Seven Vie For Mpc Board
Community college can't spend its millions on gaping budget hole.
Thursday, October 23, 2003
Monterey Peninsula College has a strange problem. In an era when there''s not much extra cash flying around, the local community college has a huge pile of money to spend, $145 million to be exact. The problem is that the money, generated from a bond passed in November 2002, must be spent on building and improving facilities, at a time when the state fiscal crisis forces deep and long cuts into what goes on inside those buildings.
On Nov. 4, area voters will decide which three of seven candidates will sit on the Board of Trustees, a body that must decide essentially two things: how to spend the $145 million on facilities over the next 30 years, and how to keep students in them.
In order to cover its gaping budget deficit, the state has raised student fees from $11 a unit to $18 a unit, all of which goes to Sacramento and not necessarily back to the school.
Last year, MPC had to cut $1 million out of its budget and cut sections, pushing students into larger classes and leaving fewer schedule choices.
The first $40 million of the "brick and mortar" bond money is available, but the school needs to complete an assessment of its facilities first.
Seven candidates have stepped forward to run for three positions on the board that will ultimately decide how to spend the money. This will create a new majority on the board.
Seeking seats are Jan Knippers Black, a professor at the Monterey Institute of International Studies; Loren Steck, a psychologist who works in television and has been involved in the UC-Santa Cruz Foundation for years; R. Lynn Davis, a former lawyer and president of the MPC Foundation; Charlie Page, a heavily endorsed former member of the Monterey City Council and current MPC Foundation trustee; Kathrina Ognyanovich, former longtime Peninsula school district trustee and former MPC trustee; Jackie Gonzales, a community volunteer and board member of the local Girl Scouts; and Philip Pennington, a security officer. (More information about the candidates can be found at www.smartvoter.org.)
Jan Knippers Black, who maintains a steady involvement in state Democratic politics, wants to up the pressure on the state to keep institutions like MPC across California afloat.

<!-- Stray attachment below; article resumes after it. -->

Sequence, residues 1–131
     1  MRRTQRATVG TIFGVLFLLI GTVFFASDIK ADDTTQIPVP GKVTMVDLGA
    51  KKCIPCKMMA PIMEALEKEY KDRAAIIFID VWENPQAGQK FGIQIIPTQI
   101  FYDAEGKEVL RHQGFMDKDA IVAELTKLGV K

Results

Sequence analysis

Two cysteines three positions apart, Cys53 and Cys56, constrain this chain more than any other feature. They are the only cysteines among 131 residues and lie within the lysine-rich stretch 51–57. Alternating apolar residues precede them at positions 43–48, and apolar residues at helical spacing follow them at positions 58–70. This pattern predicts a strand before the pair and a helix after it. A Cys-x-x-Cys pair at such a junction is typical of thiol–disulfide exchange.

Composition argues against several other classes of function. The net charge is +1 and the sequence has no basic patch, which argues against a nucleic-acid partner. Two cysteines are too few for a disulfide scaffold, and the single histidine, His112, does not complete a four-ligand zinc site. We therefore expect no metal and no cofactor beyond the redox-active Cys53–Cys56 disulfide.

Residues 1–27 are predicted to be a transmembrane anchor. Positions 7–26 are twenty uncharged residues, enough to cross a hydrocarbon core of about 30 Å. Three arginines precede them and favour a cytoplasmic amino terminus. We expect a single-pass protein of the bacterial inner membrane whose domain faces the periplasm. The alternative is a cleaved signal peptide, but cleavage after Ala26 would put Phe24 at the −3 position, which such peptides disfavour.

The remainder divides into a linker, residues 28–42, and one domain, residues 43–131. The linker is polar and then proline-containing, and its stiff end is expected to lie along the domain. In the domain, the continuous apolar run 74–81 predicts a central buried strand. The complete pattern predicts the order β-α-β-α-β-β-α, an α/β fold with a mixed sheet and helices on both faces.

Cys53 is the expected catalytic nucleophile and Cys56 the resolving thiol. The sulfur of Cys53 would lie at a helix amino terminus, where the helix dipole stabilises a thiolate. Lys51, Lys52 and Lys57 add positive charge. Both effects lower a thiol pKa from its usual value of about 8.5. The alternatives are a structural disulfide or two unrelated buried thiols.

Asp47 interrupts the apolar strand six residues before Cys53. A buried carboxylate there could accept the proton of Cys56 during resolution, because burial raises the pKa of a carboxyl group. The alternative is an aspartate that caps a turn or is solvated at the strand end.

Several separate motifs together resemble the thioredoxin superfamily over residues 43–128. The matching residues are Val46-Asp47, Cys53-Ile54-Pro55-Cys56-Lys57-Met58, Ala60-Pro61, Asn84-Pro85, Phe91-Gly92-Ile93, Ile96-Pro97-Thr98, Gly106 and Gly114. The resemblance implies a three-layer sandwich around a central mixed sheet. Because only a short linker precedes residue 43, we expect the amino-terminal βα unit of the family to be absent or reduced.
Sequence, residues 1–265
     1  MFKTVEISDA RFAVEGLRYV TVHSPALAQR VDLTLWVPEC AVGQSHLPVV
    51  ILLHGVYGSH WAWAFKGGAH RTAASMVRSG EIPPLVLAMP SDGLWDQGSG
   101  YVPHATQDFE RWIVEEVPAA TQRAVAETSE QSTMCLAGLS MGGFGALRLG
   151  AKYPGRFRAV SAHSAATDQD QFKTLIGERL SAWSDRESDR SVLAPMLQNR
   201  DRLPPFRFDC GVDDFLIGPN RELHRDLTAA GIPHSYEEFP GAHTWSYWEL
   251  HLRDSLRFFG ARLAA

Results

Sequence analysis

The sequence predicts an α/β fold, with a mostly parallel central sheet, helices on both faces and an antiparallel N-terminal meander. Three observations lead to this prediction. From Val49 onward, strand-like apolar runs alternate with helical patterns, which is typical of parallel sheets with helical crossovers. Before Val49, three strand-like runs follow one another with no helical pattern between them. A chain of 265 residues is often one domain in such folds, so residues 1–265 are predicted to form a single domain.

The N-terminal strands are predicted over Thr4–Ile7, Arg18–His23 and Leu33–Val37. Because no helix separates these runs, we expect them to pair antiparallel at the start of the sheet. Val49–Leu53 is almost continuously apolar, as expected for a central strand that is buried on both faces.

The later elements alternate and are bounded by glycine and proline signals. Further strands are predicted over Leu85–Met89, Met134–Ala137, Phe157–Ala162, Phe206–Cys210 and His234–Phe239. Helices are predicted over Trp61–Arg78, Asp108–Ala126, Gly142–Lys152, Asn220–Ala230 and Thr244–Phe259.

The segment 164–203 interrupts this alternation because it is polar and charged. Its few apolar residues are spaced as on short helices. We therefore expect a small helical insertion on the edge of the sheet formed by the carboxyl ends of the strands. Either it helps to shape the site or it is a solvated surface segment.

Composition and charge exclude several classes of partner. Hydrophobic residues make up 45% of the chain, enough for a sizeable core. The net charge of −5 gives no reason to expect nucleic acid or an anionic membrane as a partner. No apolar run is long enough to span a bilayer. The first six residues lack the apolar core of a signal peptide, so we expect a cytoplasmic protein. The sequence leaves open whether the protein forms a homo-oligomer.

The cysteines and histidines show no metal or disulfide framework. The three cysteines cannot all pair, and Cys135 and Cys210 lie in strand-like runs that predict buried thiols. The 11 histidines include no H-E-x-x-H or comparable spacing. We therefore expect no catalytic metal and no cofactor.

"It affects the community when students don''t get the education they need," she says.
Black wants to see the construction bond money used for progressive projects. "As long as you''re renovating and reconstructing, why not use the latest in green technology," she says. "It usually saves money anyway."
Loren Steck, who through his work at UCSC knows quite a bit about the state education system, proposes voluntary early retirement should the school be forced to make employee cutbacks. "You can''t use [the bond money] for salaries, which is what you''d really like to do," Steck says.
Charlie Page started the MPC Foundation with his late wife and he says the school needs a funding boost now more than ever. He says community colleges need a strong lobbying effort in Sacramento.
"I don''t have any easy answers," he says. "If anyone tells you there are easy answers to running a community college these days, don''t trust them."
There are no easy answers. As candidate R. Lynn Davis says, "We have to figure out how to keep the college operating."
Candidate Jackie Gonzales did not attend a forum on Oct. 16 but enjoys endorsements from Mayor Jerry Smith of Seaside and Marina Mayor Ila Mettee-McCutchon. Philip Pennington could not be contacted at press time. Kathrina Ognyanovich cites 19 years of community involvement and school board participation. She counts among her endorsers water district commissioner and environmental attorney Zan Henson, as well as Seaside Highlands developer Danny Bakewell, Jr.